Less good but not bad: In defense of epicureanism about death

Pacific Philosophical Quarterly 93 (2):197-227 (2012)

Authors
Aaron Smuts
Rhode Island College
Abstract
In this article I defend innocuousism– a weak form of Epicureanism about the putative badness of death. I argue that if we assume both mental statism about wellbeing and that death is an experiential blank, it follows that death is not bad for the one who dies. I defend innocuousism against the deprivation account of the badness of death. I argue that something is extrinsically bad if and only if it leads to states that are intrinsically bad. On my view, sometimes dying may be less good than living, but it is never bad to die
Keywords death  extrinsic value  Ben Bradley  Fred Feldman  innocuousism  Epicurus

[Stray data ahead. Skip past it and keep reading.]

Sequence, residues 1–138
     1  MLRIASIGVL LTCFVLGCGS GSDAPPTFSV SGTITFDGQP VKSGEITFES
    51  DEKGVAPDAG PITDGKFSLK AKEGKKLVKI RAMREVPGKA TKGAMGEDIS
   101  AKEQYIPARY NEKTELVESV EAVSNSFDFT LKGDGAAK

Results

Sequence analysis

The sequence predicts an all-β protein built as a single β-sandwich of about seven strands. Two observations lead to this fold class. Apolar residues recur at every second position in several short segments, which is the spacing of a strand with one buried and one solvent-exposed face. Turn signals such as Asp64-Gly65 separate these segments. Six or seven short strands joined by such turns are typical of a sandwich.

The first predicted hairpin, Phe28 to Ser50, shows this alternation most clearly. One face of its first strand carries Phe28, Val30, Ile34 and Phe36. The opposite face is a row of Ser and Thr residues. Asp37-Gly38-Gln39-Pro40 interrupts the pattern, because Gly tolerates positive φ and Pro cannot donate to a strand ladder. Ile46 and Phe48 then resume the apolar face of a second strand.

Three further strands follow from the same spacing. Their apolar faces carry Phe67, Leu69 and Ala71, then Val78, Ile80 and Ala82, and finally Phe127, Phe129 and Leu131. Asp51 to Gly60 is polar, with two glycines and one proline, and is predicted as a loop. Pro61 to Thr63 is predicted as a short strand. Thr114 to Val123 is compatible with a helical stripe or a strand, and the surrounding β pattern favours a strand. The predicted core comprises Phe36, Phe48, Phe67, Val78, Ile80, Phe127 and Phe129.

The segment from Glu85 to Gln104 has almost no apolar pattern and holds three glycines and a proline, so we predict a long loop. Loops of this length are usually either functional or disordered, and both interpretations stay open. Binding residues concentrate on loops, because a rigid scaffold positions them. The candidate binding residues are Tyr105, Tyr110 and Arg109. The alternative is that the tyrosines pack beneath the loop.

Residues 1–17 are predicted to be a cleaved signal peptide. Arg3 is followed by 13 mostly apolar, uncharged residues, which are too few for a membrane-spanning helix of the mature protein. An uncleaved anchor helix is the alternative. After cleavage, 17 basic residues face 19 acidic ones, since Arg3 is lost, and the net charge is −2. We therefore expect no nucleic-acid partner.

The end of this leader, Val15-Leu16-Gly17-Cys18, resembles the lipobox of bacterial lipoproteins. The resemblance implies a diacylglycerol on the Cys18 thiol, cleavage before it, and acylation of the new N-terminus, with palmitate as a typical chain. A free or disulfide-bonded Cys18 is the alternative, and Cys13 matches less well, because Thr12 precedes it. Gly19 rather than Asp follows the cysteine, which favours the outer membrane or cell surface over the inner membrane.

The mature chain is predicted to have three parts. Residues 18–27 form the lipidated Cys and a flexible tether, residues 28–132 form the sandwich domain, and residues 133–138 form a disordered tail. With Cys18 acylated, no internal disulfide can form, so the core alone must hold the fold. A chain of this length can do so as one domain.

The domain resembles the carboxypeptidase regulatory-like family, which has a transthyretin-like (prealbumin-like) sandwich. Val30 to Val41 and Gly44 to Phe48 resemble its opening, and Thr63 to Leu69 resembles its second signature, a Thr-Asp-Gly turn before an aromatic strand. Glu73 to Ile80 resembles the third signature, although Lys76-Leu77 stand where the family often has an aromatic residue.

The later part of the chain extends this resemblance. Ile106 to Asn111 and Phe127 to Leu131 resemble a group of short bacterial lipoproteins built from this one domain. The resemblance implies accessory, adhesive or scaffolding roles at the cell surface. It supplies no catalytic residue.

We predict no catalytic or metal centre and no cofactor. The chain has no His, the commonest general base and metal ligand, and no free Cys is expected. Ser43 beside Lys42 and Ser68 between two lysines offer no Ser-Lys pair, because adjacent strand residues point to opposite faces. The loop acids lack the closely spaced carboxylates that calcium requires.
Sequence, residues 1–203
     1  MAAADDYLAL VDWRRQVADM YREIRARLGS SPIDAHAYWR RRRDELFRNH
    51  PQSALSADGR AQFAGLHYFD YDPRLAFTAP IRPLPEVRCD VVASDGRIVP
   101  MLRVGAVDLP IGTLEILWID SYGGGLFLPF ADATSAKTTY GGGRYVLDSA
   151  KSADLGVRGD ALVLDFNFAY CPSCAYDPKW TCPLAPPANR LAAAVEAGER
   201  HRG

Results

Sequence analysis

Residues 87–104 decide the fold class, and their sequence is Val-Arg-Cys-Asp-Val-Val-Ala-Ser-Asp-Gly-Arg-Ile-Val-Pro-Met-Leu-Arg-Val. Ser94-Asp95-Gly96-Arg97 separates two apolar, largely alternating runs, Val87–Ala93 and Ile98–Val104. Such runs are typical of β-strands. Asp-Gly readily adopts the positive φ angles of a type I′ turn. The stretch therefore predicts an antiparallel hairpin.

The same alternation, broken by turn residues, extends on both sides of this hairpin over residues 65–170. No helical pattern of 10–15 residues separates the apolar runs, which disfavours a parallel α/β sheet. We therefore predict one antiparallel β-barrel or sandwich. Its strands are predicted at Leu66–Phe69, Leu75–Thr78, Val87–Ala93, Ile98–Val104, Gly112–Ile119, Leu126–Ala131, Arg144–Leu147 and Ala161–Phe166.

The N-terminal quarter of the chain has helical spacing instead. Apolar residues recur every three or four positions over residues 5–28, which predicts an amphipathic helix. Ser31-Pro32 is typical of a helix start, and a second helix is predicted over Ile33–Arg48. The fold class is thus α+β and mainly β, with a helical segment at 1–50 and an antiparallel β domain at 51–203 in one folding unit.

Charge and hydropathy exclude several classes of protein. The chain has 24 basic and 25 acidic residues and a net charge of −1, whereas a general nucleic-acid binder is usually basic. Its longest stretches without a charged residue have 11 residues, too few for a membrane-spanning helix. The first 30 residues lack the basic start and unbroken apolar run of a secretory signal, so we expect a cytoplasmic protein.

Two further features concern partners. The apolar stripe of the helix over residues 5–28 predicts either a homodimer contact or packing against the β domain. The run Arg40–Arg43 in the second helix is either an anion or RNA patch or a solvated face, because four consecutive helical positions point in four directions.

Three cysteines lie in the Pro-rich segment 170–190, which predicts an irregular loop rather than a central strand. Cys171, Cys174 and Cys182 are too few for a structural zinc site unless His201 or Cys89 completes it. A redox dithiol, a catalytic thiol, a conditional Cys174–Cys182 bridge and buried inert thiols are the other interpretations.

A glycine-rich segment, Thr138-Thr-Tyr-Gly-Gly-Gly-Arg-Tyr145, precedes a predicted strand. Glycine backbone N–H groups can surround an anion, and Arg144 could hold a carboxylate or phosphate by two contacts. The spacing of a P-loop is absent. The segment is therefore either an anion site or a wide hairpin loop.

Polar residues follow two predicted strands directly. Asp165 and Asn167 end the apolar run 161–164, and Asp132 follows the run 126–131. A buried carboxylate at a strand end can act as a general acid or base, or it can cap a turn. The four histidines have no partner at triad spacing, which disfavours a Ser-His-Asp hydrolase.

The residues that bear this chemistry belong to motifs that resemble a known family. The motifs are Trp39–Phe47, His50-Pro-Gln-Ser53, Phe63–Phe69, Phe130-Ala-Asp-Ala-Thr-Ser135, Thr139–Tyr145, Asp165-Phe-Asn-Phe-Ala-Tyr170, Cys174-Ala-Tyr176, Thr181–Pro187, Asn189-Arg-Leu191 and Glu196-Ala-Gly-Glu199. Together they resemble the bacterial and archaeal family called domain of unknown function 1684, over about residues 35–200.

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DOI 10.1111/j.1468-0114.2012.01423.x
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References found in this work BETA

Utilitarianism.J. S. Mill - 1861/1998 - Oxford University Press UK.
What is Utility?D. W. Haslett - 1990 - Economics and Philosophy 6 (1):65.

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Citations of this work BETA

Accounting for the Harm of Death.Duncan Purves - 2016 - Pacific Philosophical Quarterly 97 (1):89-112.
A Dilemma for Epicureanism.Travis Timmerman - 2019 - Philosophical Studies 176 (1):241-257.
To Be or Never to Have Been: Anti-Natalism and a Life Worth Living.Aaron Smuts - 2014 - Ethical Theory and Moral Practice 17 (4):711-729.

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